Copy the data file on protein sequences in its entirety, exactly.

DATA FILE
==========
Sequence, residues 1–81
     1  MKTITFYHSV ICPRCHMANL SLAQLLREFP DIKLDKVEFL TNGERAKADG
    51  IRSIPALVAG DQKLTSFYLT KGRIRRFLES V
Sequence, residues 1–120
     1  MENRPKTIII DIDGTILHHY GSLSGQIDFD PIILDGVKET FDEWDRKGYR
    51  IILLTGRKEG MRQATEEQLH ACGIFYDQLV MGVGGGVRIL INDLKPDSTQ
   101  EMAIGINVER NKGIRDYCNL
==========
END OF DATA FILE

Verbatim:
Sequence, residues 1–81
     1  MKTITFYHSV ICPRCHMANL SLAQLLREFP DIKLDKVEFL TNGERAKADG
    51  IRSIPALVAG DQKLTSFYLT KGRIRRFLES V
Sequence, residues 1–120
     1  MENRPKTIII DIDGTILHHY GSLSGQIDFD PIILDGVKET FDEWDRKGYR
    51  IILLTGRKEG MRQATEEQLH ACGIFYDQLV MGVGGGVRIL INDLKPDSTQ
   101  EMAIGINVER NKGIRDYCNL